David Miranda, the partner of a journalist with ties to Edward Snowden, was detained Sunday at Heathrow Airport in London for nine hours under a law that allows authorities to stop, search, question and detain people for national security reasons.
The law allows British border officials to question someone “to determine if that individual is a person concerned in the commission, preparation, or execution of acts of terrorism.”
Miranda lives with Guardian journalist Glenn Greenwald, who reported documents leaked by Snowden. Miranda was returning from a trip to Berlin when he was stopped at Heathrow airport on his way home to Rio de Janeiro, The Guardian reported
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Greenwald has found himself in the center of an international controversy that began with his stories on the U.S. National Security Agency’s surveillance programs that were detailed in files that whistleblower Snowden passed to him. Though the programs were first uncovered several years ago in a USA Today article, the detail that went into Greenwald’s articles was unprecedented.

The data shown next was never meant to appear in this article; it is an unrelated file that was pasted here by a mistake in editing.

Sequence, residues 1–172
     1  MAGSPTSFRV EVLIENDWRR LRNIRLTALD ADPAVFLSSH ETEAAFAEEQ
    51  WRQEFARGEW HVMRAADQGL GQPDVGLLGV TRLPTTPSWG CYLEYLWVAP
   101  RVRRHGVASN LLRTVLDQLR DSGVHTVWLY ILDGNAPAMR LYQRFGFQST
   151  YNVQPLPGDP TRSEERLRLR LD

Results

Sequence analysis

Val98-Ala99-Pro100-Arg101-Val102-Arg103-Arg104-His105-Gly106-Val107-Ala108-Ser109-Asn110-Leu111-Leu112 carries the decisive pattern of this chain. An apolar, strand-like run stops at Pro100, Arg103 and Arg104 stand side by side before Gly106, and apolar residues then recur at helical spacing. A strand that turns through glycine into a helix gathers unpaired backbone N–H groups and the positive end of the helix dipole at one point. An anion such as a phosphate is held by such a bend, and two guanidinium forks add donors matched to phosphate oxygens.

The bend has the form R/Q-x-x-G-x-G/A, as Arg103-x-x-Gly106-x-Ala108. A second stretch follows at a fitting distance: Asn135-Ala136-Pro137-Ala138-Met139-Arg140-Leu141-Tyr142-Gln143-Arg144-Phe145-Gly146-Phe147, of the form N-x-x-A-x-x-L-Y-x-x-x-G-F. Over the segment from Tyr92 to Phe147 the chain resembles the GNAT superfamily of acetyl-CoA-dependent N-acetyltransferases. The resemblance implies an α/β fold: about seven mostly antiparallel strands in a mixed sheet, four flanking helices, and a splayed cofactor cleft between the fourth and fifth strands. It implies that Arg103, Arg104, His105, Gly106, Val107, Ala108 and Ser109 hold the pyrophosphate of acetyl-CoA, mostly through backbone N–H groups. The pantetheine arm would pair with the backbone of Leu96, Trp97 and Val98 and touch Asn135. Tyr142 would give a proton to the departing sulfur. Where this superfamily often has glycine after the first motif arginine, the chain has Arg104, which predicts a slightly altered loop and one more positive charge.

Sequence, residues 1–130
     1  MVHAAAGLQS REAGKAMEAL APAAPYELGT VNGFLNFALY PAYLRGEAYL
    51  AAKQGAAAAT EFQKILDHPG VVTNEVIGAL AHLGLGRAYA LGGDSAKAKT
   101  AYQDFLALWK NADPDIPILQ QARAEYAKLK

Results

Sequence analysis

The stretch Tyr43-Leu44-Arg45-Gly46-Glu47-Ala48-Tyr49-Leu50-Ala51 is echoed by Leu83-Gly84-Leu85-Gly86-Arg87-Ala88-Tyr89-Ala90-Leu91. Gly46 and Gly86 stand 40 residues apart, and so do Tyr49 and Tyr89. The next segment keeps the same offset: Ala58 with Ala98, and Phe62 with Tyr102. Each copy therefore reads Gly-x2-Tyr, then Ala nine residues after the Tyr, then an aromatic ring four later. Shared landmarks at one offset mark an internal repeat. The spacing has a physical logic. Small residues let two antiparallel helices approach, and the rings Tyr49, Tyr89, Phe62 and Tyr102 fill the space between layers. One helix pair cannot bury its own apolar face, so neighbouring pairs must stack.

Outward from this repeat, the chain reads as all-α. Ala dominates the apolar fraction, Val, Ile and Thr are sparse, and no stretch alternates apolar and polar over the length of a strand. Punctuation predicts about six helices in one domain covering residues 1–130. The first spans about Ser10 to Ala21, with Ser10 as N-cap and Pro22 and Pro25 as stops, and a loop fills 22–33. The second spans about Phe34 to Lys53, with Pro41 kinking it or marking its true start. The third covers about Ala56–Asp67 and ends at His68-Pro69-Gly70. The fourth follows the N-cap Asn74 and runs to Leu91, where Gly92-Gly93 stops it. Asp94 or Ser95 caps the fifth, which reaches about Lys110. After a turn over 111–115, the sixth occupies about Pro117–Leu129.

The Guardian said that Miranda visited with U.S. filmmaker Laura Poitras while in Berlin. Poitras also has been working on the Snowden files with Greenwald and the Guardian. The British newspaper paid for Miranda’s flights.
Citing official figures, the newspaper said nearly everyone who is detained under the controversial law is held for less than an hour.
Miranda was released only after officials took his mobile phone, laptop, camera, DVDs and other electronic equipment.
Social networking sites were awash in ridicule for British authorities.
“Appalling and unacceptable,” Greg Sargent, aka @ThePlumLineGS, posted on Twitter.
“Detaining David Miranda under the Terrorism Act offers a mighty convenient example of security panic overreach,” tweeted @MattYglesias.
“This is completely outrageous,” tweeted @LaughingStoic.
“It is utterly improbable that David Michael Miranda, a Brazilian national transiting through London, was detained at random, given the role his partner played in revealing the truth about the unlawful nature of NSA surveillance," said Widney Brown, senior director of international law and policy at Amnesty International
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